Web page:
Bukele Attacks The New York Times For Bitcoin

After the publication of the world’s most prestigious media, this is what the Salvadoran president responds to

After an article published by the prestigious American media The New Yok Times, in which he noted that Bitcoin in El Salvador “appears to be a failure”, Salvadoran President Nayib Bukele attacked the newspaper via his Twitter account.

“Since when Tweet embed He devoted a lot of time and space to economic initiatives in El Salvador? They are obviously afraid, Bitcoin is inevitable.”Bukele tweeted Thursday evening.

The president’s message was accompanied by a photo with the print media post, titled: “El Salvador’s Big Bet on Bitcoin Doesn’t Pay off” (El Salvador’s Big Bet on Bitcoin Doesn’t Pay off).

In the New York Times print publication, it was highlighted that “making digital currency a national currency has brought a poor country closer to default,” referring to a possible default on debt that El Salvador may incur.

Looking at this, Bukele added in his tweet: “By the way, they say we’re heading towards default. Are they going to post an apology once everything is paid on time?”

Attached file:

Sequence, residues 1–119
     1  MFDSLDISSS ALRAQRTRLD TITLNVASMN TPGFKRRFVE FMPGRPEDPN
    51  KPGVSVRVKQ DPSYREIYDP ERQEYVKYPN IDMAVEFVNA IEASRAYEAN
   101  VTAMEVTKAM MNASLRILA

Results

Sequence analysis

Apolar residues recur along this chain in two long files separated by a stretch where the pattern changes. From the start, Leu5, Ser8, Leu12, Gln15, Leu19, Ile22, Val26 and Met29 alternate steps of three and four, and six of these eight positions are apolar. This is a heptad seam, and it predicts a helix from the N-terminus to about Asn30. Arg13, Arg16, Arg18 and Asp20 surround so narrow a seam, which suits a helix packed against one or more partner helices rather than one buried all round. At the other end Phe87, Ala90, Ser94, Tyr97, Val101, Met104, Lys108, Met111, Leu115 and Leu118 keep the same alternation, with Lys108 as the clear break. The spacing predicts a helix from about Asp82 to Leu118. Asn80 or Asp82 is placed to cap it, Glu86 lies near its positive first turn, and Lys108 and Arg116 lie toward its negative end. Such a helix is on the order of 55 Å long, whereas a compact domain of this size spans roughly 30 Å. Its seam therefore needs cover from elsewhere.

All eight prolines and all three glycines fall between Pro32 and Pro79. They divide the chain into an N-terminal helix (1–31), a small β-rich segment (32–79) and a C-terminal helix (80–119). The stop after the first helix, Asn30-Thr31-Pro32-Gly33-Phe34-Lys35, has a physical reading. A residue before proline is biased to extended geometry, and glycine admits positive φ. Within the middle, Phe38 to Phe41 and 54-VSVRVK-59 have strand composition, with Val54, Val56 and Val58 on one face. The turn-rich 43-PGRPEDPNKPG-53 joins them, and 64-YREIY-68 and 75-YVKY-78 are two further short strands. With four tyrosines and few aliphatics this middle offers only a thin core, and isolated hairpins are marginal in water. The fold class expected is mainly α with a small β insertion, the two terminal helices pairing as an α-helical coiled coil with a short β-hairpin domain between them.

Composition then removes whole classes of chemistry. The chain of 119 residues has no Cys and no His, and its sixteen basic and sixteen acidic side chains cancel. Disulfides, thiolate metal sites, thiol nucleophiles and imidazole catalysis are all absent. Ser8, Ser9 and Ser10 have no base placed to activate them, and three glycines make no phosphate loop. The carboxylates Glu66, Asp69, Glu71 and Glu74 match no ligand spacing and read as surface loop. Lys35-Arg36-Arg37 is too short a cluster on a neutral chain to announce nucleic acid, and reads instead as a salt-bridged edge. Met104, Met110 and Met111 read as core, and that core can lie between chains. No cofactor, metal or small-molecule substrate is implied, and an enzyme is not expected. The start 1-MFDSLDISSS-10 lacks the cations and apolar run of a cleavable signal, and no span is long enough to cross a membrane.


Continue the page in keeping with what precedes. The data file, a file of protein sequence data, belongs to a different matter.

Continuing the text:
You can read: Bitcoin ‘Seems to Fail’ in El Salvador, Says The New York Times

The media states in their digital version in Spanish that “Bitcoin was destined to transform El Salvador’s economy, positioning the impoverished Central American country as an unlikely precursor to a financial revolution”, but then notes that “almost a year after that surprised the head of state, Najib Boukil, the financial world’s most popular digital currency converter to fiat, appears to have failed, highlighting the gap between the utopian promises of cryptocurrency advocates and economic reality.

Computer expert also says: “There is no evidence that bitcoin purchases have been made.”

Likewise, the article mentions not only the collapse in the price of Bitcoin, which has lost 60% of its value so far this year, but also the little use it gives Salvadorans, despite all the momentum it has been given. provided by the government through the use of public money.

“The government gave this project all the momentum that could be expected, and yet it failed,” University of Chicago economist Fernando Alvarez told the media.

And not only that, the medium also reflects in the post that Bitcoin law “has exposed the shortcomings of its authoritarian style of governance, and focused on its image.”

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